Another motorist has died as a result of injuries caused by a shrapnel-spewing Takata airbag. Officials with the federal agency responsible for keeping motorists safe said Wednesday they learned of the death last week, though the incident occurred in July. A teen driver spent several days in a Pittsburgh-area hospital before succumbing to "severe" injuries, according to a spokesperson for the National Highway Traffic Safety Administration.

The crash took place near Pittsburgh, and the victim was driving a 2001 Honda Accord that was under recall, according to NHTSA, but never repaired. The boy was driving a relative's vehicle. A lawyer for the family contacted the agency on Dec. 17, and the agency has tentatively concluded the death was attributed to the airbag rupture. The death is the eighth in the United States and ninth globally caused by the faulty airbags, which explode and shower vehicle occupants with metal fragments with such force they can cause fatal injuries.

"This young man's death is tragic, and it underscores why we're continuing to work so hard to get these defective vehicles off the road," said NHTSA spokesperson Gordon Trowbridge.

The defects have been long-running and well-documented, though no specific source of the defect has been determined. High humidity is believed to play a role in the airbag inflators not working properly, and subsequently, transportation officials and automakers have prioritized cars in southern states as ones to be fixed first. The '01 Accord involved in the latest death had spent "several years" in the Gulf Coast region, according to NHTSA records. A Honda spokesperson said the car had been recalled in February 2010, when a previous owner still had possession of the vehicle. Honda says it mailed an additional recall notice to the current owner of the vehicle on July 21 -- one day before the crash.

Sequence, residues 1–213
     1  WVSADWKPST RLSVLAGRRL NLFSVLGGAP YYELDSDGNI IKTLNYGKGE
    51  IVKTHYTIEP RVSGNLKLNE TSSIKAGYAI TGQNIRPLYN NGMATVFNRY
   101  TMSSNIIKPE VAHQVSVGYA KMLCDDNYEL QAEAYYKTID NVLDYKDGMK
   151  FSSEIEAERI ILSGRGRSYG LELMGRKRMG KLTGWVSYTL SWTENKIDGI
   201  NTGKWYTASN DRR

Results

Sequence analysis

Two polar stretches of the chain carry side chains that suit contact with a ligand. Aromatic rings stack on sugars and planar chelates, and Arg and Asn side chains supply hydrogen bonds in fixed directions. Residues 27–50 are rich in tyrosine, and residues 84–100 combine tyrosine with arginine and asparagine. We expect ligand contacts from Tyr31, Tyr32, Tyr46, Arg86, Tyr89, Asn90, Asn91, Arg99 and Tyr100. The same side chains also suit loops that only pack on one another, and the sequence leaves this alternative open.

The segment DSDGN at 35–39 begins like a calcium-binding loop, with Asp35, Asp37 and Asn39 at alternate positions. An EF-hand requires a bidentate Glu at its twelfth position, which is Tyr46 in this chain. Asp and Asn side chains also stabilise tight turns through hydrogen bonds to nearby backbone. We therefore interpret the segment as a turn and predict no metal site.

Global equipment supplier Takata and a dozen car manufacturers have been issuing recalls for the faulty products for more than a decade. Congressional hearings have sought to determine why Takata officials delayed notification of such problems and dodged federal inquiries into the defect.

As part of a consent order related to violations of federal safety laws, Takata agreed last month to independent oversight of a safety monitor appointed by NHTSA and was slapped with a $200-million fine. On Wednesday, NHTSA officials said they had selected John Buretta, a former assistant attorney general in the criminal division for the Department of Justice, to serve in that role.

"He and his team bring tremendous experience in complex corporate investigations," NHTSA administrator Mark Rosekind said. "They will play a significant role in helping oversee Takata's compliance with its obligations under NHTSA enforcement orders, and in implementing the coordinated remedy program to accelerate and prioritize the largest, most complex consumer safety effort in U.S. history."

In response to the latest death, a Takata spokesperson said, "Our heartfelt condolences go out to the driver's family. We are working in close collaboration with Honda and NHTSA to determine the facts and circumstances surrounding this tragic situation."

In separate Takata news on Wednesday, Honda announced the expansion of a recall involving passenger-side airbags. The nationwide recall adds approximately 127,000 vehicles to the existing recall. It involves 2003-2004 CR-V vehicles. The recall now involves 3.4 million cars, and it's only the latest Takata-related recall for Honda, which has been affected by the problems more than any other automaker.

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